After launching at the White House and building steam in New York City, the intersection of tech and foster care has made it to the mother ship in northern California. Yesterday kicked off the two-day Silicon Valley Hack Foster Care Summit, the latest event in a growing movement to the foster care and technology communities together to hack the system.
Over 250 youth, philanthropists, social workers, policy makers, entrepreneurs and tech leaders descended on Microsoft’s Mountain View conference space to put their minds together around the challenges that define the child welfare landscape in California’s Bay Area. The first day of the summit set the stage by sharing stories from youth and alumni of foster care to create understanding around the foster care experience. It also introduced the child welfare community to design thinking, a model to generate ideas collaboratively and think outside the box that is very at home in the start-up capital of the country. The framework established on day one of the summit will be woven into breakout sessions and group work done by participants on day two as they work to improve the system.
Attendees spent the first part of the afternoon yesterday getting ready for the thirteen hours of work time and sessions ahead of them, spent over the course of two days. After a welcome by Microsoft’s Director of U.S. Government Affairs, Jonathan Noble, and a call to action from Supervisor Cindy Chavez of Santa Clara County, a panel of young people and professionals involved in foster care teed up the challenges that participants will work to “hack.” Durell Coleman from DC Design co-hosted the afternoon with Sixto Cancel, and led the group through a session on the basics of design thinking — or using the pillars of building empathy, defining a problem, “ideating” possible solutions, prototyping, testing and iterating better designs – to address challenges within foster care.
Participants then worked in small groups to apply this method to issues around computer access, career preparation, health and education for youth, as well as foster family recruitment, training, and matching. There was also an opportunity to focus on legal hacks, and online resource platforms for youth, such as Think of Us’ platform for youth, which is in development with Salesforce and Box.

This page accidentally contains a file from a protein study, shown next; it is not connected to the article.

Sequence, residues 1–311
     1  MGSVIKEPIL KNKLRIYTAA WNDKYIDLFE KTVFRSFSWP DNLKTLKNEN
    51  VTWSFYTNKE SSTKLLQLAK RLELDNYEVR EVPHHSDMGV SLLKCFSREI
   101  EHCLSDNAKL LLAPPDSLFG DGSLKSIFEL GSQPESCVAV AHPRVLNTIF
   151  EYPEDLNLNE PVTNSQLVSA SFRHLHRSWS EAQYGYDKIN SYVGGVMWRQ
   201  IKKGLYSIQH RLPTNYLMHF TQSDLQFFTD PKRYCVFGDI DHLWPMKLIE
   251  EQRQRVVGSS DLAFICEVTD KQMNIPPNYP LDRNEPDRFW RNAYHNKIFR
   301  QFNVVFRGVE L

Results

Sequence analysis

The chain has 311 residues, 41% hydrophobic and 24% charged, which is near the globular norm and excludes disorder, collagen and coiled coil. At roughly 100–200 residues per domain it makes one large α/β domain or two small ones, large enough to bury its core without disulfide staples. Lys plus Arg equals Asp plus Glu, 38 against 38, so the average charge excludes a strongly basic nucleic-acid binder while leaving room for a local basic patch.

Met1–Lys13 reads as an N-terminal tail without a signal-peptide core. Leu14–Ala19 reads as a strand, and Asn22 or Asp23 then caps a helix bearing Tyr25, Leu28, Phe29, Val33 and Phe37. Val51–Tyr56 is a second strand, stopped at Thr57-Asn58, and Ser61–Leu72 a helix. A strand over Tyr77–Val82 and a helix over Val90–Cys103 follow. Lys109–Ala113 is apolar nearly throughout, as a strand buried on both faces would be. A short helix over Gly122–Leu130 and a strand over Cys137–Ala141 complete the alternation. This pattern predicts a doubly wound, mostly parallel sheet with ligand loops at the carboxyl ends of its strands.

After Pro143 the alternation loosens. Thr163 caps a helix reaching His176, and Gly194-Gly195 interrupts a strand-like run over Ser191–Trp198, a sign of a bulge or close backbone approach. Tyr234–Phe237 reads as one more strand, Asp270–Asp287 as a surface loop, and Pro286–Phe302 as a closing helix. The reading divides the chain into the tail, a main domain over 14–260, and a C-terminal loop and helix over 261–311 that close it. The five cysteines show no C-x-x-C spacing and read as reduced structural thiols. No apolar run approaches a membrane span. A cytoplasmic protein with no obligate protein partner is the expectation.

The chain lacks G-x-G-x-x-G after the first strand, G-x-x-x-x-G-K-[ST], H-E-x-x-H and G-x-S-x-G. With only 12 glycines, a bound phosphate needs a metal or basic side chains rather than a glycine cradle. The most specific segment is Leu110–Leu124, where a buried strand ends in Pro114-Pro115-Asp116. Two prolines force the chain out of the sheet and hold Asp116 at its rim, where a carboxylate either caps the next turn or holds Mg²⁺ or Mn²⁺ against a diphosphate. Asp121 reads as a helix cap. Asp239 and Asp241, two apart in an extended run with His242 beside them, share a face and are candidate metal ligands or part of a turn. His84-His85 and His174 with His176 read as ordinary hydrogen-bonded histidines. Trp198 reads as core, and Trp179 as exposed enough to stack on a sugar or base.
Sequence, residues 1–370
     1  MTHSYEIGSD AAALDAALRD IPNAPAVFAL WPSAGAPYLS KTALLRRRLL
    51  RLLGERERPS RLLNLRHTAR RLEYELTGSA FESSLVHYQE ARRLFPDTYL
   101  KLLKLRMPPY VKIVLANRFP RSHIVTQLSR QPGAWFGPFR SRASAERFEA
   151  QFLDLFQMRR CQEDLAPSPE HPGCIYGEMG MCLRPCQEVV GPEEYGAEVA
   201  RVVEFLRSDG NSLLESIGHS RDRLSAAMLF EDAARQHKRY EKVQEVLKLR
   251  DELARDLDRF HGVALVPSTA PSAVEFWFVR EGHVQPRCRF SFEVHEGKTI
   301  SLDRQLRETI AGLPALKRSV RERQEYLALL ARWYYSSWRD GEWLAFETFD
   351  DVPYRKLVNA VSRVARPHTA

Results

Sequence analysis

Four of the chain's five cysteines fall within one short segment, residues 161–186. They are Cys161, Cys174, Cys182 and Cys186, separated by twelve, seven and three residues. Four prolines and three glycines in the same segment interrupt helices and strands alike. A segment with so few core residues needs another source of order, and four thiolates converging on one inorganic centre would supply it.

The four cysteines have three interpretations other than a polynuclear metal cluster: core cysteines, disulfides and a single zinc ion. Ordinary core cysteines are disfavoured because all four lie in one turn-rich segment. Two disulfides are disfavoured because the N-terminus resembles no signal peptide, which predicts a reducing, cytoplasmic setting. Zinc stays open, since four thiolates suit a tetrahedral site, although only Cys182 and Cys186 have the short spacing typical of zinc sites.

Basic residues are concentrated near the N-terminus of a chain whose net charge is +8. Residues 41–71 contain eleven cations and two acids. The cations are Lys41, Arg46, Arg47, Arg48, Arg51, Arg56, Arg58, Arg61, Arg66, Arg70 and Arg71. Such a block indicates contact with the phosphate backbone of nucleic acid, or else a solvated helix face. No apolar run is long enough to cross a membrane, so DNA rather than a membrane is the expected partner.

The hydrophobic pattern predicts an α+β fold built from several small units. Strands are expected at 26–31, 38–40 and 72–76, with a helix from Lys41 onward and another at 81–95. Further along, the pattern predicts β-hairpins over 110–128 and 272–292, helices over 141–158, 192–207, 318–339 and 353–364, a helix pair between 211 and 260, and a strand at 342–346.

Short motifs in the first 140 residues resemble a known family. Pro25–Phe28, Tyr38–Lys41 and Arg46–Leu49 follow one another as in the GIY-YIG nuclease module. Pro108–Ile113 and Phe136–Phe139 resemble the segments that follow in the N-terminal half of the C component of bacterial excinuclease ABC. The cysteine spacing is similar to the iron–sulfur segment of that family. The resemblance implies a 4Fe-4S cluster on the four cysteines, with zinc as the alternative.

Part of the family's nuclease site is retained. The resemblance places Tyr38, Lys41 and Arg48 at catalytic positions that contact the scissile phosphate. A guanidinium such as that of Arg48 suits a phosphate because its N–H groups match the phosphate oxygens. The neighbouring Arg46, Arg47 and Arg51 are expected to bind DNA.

Yali Lincroft, program officer at the Walter S. Johnson Foundation, explained that the true success of the summit will be measured by what happens after it’s over and how people respond to its calls to action. At the end of the day, iFoster’s Reid Cox gave the audience a powerful update on a commitment that was generated out of the White House hackathon last May, where a coalition of philanthropic, corporate and public partners, spearheaded by iFoster, Foster Care Counts and the Walter S. Johnson Foundation, set a goal of providing a laptop to 10,000 eligible foster youth in California. Yesterday, Cox announced that the coalition has reached 25 percent of its goal, and has received new funding from and a partnership with the Ticket to Dream Foundation.
“We’re here to just learn and find ways we can help. We’ve just committed to donating computers to foster youth as well, understanding the real value of that access,” said Dale Carlsen, Ticket to Dream Foundation’s CEO and Board Chair. “And that’s what I love about this program, [Hack Foster Care]. It’s – you know, let’s blow it up and say, ‘how do we do this differently?’”
Co-founder and Chief Systems Architect for Box Jeff Queisser delivered closing remarks for the day, sharing lessons learned from running a tech company. The possibilities those lessons offer the foster care system were not lost on the audience. In particular, Queisser stressed the need to maintain an “insane customer focus,” a concept that elicited emphatic head nods and engagement from a room full of people who view those customers as children in the foster care system.
As both a tech advocate and a former foster youth, 26-year-old Noah Nash spoke on a panel at the White House hackathon and has been a regular at the events geared toward hacking foster care ever since. After the first day of the Silicon Valley summit, he was impressed at the way this event is connecting the dots.
“It’s really nice to actually see design thinking workshops, because [at past events] it’s like, ‘how do we get design thinking?’ and like now we’re actually doing it,” said Nash, a graduate student in the Bay Area.
“It’s really cool to see the event iterate, over and over, and to see more experts come into the room, like more foster care and more tech experts …It’s just propagating really naturally, and this isn’t something that you can forget,” Nash said.